HSBC has criticised competitors using two-factor authentication, claiming that such tactics encourage hackers to target banks that haven't implemented similar measures.
Speaking at the Gartner IT Security Summit 2006, Brendan Pickering, group head of fraud technology at HSBC, accused rival banks of getting into an "arms race" approach to authentication.
Pickering argued that security measures such as two-factor authentication would "generate considerable revenues for the vendors, but are unlikely to resolve fraud and security problems for more than a limited time period".
Two factor authentication relies on two forms of identification to better establish online identity — usually a password and a passcode which can be generated using an algorithm.
Pickering argued that such tactics would only serve to focus attackers on to online banks that do not distribute them. HSBC does not have a consumer two-factor authentication scheme.
"Phishing and Trojan attacks have caused a number of banks to deploy [two-factor authentication] tokens. The deployment of such tokens, on their own, will in the short term redirect the attackers' efforts towards banks which do not deploy them," said Pickering at the Gartner security summit in London.
"Deployment of tokens alone will do no more than buy some time in a game of beggar thy neighbour," he added.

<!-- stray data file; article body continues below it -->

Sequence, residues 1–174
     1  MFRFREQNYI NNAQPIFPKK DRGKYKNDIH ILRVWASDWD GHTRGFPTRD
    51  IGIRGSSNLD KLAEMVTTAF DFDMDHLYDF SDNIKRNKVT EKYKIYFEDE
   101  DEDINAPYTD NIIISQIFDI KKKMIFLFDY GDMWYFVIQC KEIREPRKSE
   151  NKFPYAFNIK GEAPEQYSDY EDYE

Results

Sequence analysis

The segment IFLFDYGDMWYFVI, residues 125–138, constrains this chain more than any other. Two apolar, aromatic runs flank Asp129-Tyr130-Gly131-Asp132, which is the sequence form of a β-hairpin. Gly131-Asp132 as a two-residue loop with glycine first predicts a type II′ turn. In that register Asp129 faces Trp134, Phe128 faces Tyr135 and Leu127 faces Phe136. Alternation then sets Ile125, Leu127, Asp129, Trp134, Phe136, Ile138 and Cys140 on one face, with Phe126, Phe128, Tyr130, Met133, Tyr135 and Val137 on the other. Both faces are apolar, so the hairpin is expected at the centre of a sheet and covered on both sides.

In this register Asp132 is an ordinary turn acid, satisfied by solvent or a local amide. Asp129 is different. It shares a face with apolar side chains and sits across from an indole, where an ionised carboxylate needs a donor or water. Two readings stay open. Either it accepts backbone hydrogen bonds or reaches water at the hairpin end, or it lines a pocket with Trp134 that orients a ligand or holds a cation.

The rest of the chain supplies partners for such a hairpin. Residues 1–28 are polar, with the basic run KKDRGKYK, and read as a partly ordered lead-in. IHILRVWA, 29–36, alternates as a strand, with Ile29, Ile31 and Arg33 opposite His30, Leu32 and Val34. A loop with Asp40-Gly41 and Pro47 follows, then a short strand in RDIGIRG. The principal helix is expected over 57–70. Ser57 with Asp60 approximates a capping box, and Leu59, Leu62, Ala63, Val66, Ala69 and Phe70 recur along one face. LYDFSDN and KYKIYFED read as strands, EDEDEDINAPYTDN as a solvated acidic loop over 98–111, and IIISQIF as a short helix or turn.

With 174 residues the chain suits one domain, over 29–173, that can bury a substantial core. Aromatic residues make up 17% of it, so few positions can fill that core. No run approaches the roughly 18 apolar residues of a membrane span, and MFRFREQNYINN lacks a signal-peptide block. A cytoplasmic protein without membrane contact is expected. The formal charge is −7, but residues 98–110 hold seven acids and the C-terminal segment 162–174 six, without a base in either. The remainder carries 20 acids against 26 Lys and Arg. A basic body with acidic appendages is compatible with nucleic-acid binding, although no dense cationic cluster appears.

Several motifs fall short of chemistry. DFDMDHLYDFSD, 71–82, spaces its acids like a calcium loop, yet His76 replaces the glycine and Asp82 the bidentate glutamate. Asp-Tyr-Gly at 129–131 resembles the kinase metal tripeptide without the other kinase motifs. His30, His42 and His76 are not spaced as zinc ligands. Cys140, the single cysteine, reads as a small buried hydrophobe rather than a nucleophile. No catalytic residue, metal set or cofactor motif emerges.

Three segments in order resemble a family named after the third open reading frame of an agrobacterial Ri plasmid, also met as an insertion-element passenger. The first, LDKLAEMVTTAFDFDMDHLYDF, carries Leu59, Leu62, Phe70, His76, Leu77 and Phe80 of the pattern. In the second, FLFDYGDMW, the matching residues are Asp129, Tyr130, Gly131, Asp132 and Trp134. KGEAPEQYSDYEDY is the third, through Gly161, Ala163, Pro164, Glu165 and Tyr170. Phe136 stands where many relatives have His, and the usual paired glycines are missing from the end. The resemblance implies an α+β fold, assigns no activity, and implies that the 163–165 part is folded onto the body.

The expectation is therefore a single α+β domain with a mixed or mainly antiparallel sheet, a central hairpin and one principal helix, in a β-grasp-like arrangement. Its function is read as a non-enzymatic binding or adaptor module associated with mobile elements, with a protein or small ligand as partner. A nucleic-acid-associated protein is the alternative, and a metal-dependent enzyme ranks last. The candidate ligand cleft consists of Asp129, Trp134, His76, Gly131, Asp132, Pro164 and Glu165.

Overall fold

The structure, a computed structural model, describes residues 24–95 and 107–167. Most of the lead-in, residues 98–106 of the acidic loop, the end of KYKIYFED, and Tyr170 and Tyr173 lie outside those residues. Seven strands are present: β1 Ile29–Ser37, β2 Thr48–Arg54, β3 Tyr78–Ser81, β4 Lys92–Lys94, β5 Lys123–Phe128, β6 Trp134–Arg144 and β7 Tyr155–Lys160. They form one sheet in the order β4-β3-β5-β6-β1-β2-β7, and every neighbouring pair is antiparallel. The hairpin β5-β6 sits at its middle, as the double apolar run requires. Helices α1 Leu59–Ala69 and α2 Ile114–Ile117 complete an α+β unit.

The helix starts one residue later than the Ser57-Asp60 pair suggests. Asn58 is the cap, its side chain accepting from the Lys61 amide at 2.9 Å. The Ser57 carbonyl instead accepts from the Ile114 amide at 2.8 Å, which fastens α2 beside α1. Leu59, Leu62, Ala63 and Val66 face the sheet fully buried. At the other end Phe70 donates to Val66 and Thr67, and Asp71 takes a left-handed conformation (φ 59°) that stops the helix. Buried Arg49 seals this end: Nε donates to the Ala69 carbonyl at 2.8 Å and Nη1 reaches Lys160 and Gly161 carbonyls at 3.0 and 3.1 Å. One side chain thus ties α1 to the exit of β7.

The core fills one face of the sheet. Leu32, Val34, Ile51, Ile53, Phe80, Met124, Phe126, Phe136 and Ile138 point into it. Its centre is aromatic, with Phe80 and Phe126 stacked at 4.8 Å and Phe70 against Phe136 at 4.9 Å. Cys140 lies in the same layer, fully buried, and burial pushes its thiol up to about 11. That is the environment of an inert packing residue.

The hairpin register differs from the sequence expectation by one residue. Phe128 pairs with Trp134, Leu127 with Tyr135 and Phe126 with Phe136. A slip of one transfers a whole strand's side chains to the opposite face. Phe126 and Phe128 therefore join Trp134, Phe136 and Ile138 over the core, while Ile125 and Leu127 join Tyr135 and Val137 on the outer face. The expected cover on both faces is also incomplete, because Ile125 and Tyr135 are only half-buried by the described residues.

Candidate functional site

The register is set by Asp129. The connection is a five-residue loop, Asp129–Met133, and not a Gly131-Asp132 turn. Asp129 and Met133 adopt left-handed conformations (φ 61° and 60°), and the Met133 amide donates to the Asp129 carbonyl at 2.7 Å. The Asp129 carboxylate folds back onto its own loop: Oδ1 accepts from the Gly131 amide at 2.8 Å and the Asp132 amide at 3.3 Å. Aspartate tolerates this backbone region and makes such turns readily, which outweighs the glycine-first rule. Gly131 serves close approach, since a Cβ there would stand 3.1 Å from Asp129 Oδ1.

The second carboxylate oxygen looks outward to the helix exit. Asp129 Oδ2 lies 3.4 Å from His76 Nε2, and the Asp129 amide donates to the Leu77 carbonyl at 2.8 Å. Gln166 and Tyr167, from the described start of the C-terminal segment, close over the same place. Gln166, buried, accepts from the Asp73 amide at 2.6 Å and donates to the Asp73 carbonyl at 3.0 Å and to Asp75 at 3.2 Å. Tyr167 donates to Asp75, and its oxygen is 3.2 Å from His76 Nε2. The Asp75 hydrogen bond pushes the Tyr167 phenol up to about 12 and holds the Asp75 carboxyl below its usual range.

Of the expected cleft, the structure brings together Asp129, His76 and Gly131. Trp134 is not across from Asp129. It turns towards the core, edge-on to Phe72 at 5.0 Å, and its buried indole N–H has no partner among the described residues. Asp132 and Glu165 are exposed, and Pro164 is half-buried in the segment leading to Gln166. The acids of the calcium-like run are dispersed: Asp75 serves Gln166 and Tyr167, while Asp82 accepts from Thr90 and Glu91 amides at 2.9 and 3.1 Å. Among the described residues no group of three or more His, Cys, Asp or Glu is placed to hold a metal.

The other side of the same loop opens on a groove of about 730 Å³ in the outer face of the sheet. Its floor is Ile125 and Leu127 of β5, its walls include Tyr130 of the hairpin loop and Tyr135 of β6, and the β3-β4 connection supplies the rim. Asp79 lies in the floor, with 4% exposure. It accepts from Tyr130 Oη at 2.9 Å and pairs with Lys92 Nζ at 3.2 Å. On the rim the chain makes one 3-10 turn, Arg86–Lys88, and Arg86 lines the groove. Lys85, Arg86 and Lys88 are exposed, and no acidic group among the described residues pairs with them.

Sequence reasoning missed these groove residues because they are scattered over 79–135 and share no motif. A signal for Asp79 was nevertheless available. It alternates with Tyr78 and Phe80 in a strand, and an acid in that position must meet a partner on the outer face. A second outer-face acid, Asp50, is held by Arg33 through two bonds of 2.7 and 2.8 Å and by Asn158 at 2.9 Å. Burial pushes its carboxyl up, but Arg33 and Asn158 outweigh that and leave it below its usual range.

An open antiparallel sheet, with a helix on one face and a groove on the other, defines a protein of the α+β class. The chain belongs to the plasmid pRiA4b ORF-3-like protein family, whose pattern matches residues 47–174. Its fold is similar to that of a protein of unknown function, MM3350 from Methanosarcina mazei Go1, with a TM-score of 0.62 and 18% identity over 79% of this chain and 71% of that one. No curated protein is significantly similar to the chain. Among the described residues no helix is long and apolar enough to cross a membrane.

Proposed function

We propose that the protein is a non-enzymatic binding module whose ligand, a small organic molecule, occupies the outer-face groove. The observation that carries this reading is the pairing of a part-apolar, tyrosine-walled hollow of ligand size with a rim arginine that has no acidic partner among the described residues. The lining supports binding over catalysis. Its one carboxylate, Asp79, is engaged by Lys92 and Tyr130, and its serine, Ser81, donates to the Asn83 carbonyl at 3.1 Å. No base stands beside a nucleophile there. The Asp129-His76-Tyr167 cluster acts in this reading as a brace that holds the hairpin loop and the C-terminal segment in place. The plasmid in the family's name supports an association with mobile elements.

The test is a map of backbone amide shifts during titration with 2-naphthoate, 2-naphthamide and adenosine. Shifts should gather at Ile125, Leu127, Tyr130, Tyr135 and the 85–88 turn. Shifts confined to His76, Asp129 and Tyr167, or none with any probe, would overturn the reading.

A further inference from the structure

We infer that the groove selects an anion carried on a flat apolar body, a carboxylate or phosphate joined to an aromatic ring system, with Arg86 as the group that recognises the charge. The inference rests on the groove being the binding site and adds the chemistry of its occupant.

Pickering predicted that attacks would switch to real-time phishing, where hackers use information harvested contemporaneously to launch an immediate attack.
"In the UK many of the big banks have announced authentication schemes. The reason we haven't seemed to have done much is we haven't had the problems some of the other banks have. We've done authentication trials, but in the personal space we don't see much need to launch [a scheme]," said Pickering.
HSBC intends to address security questions through a "portfolio of controls applied at a number of different points in the service". Currently HSBC has a rules-based system for determining when transactions are suspect, but would like to move to a model-based system.
While tokens are currently widely used, research firm Gartner predicted on Tuesday that one-time passwords, especially delivered to phones via SMS, would become even more popular than they are at present.
Smart tokens, in the form of smart cards or smart USB tokens would also become used more often, while public key infrastructures will become more popular when combined with one-time passwords for mobile use, according to Ant Allan, research vice president at Gartner.